By connecting scientific research that doesn’t get connected, you help us see what the discoveries in science are for. You bring them to life. But no one tells scientists or scholar to do this, and the academic system doesn’t always reward this, even as it needs it. We haven’t yet created an academic Chair, saying: “Here’s the research professor position in the integrative knowledge of culture and art and science.” But that’s what you’re actually doing—integrating knowledge for the public’s benefit! And if actual scientists find it helpful and musicologists and people reading your books, then shouldn’t that be the gold standard of what the term knowledge means?
But I couldn’t do what I do without those specialists providing the primary material.
SAMUEL LONCARAbsolutely, we need the primary material, but for your process as a writer, that primary research seems like it’s a beginning, not the end. So, you do the primary research of specialized academic articles, which is invaluable, but it isn’t your main goal. Certainly not relative to a book that integrates what we have thought about the subject, in myth, in history, in art, in our imagination, in our full humanity.
And in that sense, your writing process has significance for the general challenge of interpreting science and scholarship to itself and the public. For me, it connects to what we’re aiming to do at Marginalia: to help the public and the academy access the best version of what we know as a whole community, while at the same time trying to shape a new, more conscious version of whatever the latest results and discoveries are.
I see your process as an inspiring model for our needs today, a way to help people see the value and beauty of science. Scientific research has to get re-humanized by a full integration with the rest of what we know about humans, with what humans know and care about.
We know we tell ourselves stories; we know we evolved into human beings through stories and music and language. In the end, would it be so surprising that knowledge has to somehow make sense to us once again as language, as a kind of story, as a kind of music?
PHILIP BALLI suppose what occurred to me when you when you were saying that, Samuel, is that my process, certainly for the past several books, probably for some time now, is different.
I sometimes see other writers, particularly science writers, saying, “I’m looking around for a new idea; what should I write about next?” I feel like I’ve been lucky enough not to be in that position because I need something else to happen before I write.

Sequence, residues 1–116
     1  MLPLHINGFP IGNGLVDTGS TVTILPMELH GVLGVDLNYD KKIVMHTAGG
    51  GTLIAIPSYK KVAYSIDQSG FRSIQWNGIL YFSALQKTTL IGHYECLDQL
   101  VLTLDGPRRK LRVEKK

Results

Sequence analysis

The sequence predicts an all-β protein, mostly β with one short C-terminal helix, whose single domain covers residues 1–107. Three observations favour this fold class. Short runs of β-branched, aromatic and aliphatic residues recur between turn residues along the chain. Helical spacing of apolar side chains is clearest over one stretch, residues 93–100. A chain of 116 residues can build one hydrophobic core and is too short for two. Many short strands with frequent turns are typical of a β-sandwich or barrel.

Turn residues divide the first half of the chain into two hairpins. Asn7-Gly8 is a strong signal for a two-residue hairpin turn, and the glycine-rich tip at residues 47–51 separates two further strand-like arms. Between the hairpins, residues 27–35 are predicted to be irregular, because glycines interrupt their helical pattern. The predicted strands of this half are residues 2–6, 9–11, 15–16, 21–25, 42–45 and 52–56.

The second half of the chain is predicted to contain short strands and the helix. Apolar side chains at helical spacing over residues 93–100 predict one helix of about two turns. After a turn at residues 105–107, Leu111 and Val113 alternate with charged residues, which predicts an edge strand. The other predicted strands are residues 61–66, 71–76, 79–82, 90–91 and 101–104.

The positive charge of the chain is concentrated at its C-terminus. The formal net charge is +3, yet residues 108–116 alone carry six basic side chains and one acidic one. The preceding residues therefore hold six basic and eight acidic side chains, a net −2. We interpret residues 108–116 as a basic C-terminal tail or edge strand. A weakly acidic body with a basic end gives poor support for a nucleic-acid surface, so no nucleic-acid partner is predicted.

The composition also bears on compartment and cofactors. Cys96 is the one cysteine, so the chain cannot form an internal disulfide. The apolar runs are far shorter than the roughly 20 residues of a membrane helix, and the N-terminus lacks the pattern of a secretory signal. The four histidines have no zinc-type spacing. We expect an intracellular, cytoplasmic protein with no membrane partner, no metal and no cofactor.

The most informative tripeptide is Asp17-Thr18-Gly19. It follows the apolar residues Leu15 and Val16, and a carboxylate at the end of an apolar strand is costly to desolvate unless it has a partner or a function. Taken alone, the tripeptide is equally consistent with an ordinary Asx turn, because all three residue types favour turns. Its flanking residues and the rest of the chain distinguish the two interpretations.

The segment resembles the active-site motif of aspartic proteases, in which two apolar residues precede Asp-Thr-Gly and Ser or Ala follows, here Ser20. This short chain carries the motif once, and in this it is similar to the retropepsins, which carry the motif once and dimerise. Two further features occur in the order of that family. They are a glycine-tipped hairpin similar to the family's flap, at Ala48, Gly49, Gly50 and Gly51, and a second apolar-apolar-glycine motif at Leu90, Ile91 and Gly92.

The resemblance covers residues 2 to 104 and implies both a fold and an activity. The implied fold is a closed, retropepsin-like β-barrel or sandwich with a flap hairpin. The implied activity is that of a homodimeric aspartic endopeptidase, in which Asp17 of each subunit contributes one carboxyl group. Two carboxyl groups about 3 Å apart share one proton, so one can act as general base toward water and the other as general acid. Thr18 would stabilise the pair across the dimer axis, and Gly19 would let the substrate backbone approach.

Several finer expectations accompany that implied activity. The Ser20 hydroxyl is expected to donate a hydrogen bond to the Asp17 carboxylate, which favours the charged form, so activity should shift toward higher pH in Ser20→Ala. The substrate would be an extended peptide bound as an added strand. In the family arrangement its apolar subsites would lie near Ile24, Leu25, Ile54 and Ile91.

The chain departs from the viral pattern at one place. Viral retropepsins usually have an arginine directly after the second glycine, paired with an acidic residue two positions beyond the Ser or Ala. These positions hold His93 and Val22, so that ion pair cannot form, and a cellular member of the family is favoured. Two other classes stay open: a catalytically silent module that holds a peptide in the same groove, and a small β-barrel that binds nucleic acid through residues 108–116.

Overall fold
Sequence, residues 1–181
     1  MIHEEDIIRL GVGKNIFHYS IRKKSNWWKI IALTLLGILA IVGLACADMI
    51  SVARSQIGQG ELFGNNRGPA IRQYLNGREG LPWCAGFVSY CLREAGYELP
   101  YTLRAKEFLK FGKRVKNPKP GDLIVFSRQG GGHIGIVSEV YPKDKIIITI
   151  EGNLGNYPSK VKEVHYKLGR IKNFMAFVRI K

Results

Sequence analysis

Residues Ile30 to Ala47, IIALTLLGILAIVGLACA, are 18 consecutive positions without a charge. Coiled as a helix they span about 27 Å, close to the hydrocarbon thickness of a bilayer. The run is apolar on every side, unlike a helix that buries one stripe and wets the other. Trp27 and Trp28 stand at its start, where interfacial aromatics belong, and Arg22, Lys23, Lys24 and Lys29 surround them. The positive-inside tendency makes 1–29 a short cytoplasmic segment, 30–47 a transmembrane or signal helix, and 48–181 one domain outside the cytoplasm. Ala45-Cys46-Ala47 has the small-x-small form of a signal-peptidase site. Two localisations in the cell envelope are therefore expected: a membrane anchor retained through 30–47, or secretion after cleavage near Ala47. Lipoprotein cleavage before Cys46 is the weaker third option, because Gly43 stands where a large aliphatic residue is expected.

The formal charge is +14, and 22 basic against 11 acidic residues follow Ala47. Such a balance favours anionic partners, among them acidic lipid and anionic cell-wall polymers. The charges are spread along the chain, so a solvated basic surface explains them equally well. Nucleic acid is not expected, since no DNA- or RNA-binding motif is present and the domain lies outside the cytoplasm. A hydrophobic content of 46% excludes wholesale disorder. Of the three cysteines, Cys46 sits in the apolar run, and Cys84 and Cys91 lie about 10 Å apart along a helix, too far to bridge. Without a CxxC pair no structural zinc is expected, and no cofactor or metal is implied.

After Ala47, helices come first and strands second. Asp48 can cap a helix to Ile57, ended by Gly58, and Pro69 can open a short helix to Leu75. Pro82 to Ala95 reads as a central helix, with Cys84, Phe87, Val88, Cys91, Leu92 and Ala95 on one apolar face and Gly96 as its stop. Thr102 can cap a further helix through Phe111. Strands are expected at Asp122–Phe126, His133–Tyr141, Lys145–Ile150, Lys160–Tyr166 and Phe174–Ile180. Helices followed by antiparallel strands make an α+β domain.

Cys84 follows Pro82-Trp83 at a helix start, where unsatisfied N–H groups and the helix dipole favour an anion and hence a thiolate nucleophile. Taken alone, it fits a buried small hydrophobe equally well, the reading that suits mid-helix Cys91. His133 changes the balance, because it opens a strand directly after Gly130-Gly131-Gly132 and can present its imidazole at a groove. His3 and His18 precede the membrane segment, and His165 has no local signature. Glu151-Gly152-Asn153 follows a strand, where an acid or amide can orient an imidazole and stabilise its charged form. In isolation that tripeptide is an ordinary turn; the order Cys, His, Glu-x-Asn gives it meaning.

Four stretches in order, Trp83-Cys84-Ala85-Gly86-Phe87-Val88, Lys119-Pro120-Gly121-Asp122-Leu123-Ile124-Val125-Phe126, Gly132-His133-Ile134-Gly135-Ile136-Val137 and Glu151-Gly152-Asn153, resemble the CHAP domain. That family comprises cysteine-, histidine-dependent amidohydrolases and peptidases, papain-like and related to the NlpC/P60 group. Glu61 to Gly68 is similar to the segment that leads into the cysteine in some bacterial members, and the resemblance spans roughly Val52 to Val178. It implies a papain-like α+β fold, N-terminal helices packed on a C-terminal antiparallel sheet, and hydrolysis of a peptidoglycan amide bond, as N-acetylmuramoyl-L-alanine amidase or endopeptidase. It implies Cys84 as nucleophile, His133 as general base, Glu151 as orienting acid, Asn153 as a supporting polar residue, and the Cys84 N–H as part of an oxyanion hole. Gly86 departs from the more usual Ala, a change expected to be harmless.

What I need to happen is for me to be thinking about a topic and thinking there’s something here that needs to be said, and then suddenly realizing, “Okay, I can see now that I have something to say about this.”
It’s not that I’m going to talk about this area of science because I think people might be interested. I only want to write a book if I have something that I want to say about the topic that I’m looking at and that I hope will be useful. I can aspire to no more than that.The book that I’ve just finished is about minds. And you know, there again, it was a topic that came about through some AI research that I was looking into. And I didn’t know what to do with it. I wanted to write an article, but it never quite happened. I was wondering why I never wrote the article when I was visiting Harvard the summer before last, and then I suddenly realized, “Well, that’s because it’s a book! And it’s a book about this and that and that and that.” And all the issues came together. It was no coincidence that it happened at Harvard, because that was where all these people were who were working on these issues, which was fantastic.
The same is true for the book that I’m starting to write now. It came out of that visit too. I was visiting at the Department of Systems Biology at the Harvard Medical School for three months, and I came away with a big set of notes, a big, long document, and I kind of thought, “I don’t know what I’m going to do with this. Is this a paper that I’ll try to write for academic publication or something? I’m not sure.”